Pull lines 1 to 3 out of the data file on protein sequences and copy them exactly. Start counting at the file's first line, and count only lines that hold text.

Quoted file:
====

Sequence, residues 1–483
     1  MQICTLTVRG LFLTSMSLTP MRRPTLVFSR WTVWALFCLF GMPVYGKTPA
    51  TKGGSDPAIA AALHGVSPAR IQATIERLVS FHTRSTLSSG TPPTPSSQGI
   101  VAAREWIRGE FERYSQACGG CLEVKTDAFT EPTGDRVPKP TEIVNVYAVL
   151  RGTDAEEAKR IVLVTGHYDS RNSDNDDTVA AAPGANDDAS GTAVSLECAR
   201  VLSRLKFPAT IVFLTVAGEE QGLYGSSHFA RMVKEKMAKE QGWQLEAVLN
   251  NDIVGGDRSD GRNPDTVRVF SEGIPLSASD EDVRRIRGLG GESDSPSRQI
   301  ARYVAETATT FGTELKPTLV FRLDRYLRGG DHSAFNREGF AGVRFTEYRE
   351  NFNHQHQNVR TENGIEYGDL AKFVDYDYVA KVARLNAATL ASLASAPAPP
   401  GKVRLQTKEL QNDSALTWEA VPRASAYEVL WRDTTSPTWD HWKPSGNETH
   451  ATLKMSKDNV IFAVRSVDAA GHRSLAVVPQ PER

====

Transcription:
Sequence, residues 1–483
     1  MQICTLTVRG LFLTSMSLTP MRRPTLVFSR WTVWALFCLF GMPVYGKTPA
    51  TKGGSDPAIA AALHGVSPAR IQATIERLVS FHTRSTLSSG TPPTPSSQGI